Identification of tumor markers in models of human colorectal cancer using a 19,200-element complementary DNA microarray
Metastasis represents a crucial transition in disease development and progression and has a profound impact on survival for a wide variety of cancers. Cell line models of metastasis have played an important role in developing our understanding of the metastatic process. We used a 19,200-element human cDNA microarray to profile transcription in three paired cell-line models of colorectal tumor metastasis. By correlating expression patterns across these cell lines, we have identified 176 genes that appear to be differentially expressed (greater than 2-fold) in all highly metastatic cell lines relative to their reference. An analysis of these genes reiterates much of our understanding of the metastatic process and suggests additional genes, many of previously uncharacterized function, that may be causatively involved in, or at least prognostic of, metastasis. Northern analysis of a limited number of these genes validates the observed pattern of expression and suggests that further investigation and functional characterization of the identified genes is warranted.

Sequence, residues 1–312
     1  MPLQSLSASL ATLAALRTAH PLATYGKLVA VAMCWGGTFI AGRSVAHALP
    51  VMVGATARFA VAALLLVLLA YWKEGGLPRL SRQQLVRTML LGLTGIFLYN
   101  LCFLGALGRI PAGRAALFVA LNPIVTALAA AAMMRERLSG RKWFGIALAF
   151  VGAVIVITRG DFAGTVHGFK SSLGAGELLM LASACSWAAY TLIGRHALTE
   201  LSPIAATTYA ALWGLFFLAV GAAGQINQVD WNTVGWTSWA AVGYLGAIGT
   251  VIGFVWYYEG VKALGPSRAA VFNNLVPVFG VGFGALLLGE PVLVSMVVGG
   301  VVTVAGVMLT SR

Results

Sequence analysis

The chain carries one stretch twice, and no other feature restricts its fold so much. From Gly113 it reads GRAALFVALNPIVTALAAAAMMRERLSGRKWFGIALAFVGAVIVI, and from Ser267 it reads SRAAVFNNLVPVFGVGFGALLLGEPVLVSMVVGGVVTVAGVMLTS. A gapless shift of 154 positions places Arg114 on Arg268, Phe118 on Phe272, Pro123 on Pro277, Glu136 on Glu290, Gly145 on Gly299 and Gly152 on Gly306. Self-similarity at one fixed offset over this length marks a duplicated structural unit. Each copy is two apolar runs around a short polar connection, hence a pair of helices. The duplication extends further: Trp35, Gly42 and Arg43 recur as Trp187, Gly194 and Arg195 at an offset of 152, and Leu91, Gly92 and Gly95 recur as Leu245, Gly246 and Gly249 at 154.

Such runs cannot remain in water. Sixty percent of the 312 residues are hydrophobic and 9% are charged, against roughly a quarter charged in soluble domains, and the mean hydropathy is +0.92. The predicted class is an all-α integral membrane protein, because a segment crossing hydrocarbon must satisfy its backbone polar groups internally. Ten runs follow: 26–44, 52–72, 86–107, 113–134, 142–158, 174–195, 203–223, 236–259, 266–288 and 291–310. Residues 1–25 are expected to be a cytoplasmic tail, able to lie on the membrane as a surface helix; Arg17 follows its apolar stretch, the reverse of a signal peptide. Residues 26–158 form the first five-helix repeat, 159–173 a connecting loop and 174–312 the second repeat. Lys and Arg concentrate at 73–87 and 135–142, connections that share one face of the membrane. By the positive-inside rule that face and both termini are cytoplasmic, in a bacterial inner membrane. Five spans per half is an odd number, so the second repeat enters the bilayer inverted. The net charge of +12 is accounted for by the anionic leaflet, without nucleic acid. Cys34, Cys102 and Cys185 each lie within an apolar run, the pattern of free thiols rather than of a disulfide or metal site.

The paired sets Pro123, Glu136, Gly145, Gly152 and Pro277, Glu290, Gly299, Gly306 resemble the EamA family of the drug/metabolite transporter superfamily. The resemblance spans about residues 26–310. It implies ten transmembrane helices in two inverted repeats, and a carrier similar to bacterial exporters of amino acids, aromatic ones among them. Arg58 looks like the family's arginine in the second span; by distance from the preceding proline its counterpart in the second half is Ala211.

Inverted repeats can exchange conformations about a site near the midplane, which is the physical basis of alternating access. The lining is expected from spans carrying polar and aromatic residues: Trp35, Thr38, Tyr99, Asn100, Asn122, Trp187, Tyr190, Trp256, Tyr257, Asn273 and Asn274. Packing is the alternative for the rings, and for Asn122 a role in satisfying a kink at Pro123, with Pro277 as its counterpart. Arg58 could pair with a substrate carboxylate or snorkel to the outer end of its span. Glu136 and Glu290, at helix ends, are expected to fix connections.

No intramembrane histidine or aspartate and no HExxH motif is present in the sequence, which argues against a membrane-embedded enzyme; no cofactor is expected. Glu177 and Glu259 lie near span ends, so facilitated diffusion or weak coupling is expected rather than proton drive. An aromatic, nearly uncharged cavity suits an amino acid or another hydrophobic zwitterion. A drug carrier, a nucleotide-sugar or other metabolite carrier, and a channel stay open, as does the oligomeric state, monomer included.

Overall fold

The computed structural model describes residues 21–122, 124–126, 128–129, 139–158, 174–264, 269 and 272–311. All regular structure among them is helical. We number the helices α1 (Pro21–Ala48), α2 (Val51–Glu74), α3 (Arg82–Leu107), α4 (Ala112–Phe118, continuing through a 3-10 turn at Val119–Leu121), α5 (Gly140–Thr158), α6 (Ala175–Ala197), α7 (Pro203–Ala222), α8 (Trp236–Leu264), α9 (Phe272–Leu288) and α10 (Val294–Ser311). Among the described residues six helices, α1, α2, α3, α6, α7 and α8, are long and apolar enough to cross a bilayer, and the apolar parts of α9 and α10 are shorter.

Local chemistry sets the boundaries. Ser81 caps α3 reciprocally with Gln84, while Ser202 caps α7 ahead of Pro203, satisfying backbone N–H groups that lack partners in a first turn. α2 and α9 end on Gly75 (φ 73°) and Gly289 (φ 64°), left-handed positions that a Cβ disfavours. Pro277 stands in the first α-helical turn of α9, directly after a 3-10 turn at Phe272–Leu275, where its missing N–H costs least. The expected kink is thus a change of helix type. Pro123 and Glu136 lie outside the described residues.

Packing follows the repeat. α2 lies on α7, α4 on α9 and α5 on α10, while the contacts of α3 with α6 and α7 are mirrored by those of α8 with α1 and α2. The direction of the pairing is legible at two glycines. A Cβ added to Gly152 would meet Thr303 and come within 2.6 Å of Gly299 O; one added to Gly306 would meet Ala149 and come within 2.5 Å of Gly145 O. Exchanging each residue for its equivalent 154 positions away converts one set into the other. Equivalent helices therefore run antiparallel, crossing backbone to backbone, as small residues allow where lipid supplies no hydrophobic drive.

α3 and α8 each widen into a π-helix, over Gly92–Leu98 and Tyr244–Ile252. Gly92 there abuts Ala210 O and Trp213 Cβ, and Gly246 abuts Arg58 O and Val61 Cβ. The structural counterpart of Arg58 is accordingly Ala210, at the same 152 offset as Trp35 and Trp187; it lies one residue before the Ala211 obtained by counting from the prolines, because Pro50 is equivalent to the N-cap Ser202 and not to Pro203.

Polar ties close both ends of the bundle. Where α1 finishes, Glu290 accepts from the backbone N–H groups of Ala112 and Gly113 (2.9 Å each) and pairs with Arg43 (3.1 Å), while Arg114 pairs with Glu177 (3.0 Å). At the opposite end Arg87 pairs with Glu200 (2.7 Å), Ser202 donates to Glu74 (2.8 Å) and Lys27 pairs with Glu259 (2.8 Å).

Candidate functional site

Hegde, P., Qi, R., Gaspard, R., Abernathy, K., Dharap, S., Earle-Hughes, J., Gay, C., Nwokekeh, N., Chen, T., Saeed, A., Sharov, V., Lee, N., Yeatman, T., & Quackenbush, J. (2001). Identification of tumor markers in models of human colorectal cancer using a 19,200-element complementary DNA microarray. Cancer Research, 61 (21). Retrieved from https://hsrc.himmelfarb.gwu.edu/smhs_path_facpubs/1311